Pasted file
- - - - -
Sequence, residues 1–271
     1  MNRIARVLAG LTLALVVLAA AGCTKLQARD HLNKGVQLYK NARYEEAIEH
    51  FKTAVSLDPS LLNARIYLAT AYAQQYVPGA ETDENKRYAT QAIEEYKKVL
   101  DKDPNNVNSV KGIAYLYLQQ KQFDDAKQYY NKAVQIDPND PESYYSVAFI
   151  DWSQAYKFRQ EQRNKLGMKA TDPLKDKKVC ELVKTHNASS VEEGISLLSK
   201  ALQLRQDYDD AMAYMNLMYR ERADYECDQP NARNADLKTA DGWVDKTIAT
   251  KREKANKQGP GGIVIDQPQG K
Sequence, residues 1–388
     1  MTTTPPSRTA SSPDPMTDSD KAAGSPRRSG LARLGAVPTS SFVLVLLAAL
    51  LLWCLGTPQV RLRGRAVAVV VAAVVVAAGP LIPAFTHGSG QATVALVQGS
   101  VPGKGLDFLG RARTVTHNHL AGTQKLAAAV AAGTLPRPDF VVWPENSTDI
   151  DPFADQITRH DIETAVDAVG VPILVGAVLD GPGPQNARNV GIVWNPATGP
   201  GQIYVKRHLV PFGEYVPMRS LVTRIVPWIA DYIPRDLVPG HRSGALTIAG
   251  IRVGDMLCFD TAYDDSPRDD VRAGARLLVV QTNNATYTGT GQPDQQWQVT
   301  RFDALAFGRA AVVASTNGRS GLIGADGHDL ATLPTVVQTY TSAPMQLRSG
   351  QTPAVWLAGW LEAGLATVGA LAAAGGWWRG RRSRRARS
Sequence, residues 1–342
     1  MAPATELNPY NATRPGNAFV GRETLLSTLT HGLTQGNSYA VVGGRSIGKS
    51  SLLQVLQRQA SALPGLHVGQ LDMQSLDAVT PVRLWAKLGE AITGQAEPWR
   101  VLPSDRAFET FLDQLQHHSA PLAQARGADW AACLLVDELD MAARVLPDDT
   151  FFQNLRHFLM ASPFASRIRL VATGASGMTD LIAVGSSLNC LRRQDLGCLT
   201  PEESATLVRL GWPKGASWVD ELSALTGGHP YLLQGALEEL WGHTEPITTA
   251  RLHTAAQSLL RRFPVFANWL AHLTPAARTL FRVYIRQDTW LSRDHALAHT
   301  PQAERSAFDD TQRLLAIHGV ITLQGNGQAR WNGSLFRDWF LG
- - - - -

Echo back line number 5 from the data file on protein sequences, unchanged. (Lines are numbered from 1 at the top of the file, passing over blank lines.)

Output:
   151  DWSQAYKFRQ EQRNKLGMKA TDPLKDKKVC ELVKTHNASS VEEGISLLSK